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comment Function of the first の in とかの他の
The reason is that の is very useful and there are a number of ways it can be used to connect things, making it very easy to overuse. I must admit I'm very guilty of constructing sentences with too many の myself, especially when I hastily write/say something just to make a point. And on the web, many people are just trying to communicate, not trying to write beautiful Japanese sentences. They do convey meaning perfectly; it just sound awkward in formal writings. The Japanese aren't good at saying (English) "No" explicitly in negotiations, but they do use の a lot in their language.
comment Expressing ethnicity that is different from nationality
The word 在日 is used for people of either Korean or Chinese decent in Japan, especially the former. While the word itself just means "staying in Japan," so 在日アメリカ人 for Americans living in Japan should make sense, such usage is rare and even awkward (to my ears). The word 在日 is frequently used by the jingoistic Japanese to refer to the said groups of people in quite derogatory manner, so depending on the occasion you may need to be aware of the subtleties the word could bring to in your conversations. For the original question, イギリス系カナダ人 would be the most natural way; no need for の there.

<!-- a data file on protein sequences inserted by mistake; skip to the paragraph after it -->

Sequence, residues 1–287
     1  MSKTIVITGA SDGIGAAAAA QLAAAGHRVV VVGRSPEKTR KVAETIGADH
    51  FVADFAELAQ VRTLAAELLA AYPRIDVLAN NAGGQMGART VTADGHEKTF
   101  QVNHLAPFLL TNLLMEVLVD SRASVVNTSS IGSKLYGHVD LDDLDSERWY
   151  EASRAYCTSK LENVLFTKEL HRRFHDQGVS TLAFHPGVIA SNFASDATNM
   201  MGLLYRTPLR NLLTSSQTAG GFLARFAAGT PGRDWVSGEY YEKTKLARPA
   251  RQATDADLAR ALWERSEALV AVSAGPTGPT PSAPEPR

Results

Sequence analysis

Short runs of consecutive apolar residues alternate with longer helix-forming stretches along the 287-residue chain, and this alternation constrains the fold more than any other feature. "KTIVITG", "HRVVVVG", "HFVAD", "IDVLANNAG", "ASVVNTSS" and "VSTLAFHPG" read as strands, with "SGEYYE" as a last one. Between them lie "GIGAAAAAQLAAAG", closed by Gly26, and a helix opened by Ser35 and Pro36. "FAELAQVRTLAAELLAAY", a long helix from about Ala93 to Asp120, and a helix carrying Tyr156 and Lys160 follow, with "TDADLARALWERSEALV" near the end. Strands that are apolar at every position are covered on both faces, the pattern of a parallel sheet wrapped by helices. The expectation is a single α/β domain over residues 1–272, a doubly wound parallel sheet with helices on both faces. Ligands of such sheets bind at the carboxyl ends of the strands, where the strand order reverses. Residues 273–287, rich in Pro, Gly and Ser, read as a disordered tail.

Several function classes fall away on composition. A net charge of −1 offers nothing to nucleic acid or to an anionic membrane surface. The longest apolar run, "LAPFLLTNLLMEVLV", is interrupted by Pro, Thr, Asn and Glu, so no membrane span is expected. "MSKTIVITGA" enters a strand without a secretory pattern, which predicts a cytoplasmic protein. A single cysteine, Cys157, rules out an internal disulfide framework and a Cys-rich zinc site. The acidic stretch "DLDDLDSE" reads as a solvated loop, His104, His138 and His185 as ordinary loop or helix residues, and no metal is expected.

comment How to use に with “masu-stem (連用形 stem) + に + Verb” structure
@Tim Yeah, I see what you mean. My thought was that 行き違い in my example was used like noun + "ni" where the noun describes the state of how the thing was done. I'm very sorry that the lack of formal linguistic background prevents me from articulating in terms of common terms (now I understand why native English speakers cannot explain English grammar to me, haha), but the last example could also be written like 行き違うように手紙を送った. Now, the native in me tells that this sentence is a bit awkward unless making the letter cross was intentionally done.
comment How to use に with “masu-stem (連用形 stem) + に + Verb” structure
An interesting point, but I don't feel anything wrong with how these sentences sound. (That of course doesn't exclude the possibility that I'm using incorrect grammar, but, hey, I grew up with it!) The reason why you feel uncomfortable with my examples is that you are interpreting "~ni" as a sort of adjectives to describe the nouns right after (in which case "~na" would be more natural sounding), whereas it is more appropriate here to interpret them as adverbs to describe the verbs which end these sentence. Maybe my quick English translations were too careless to illuminate the difference.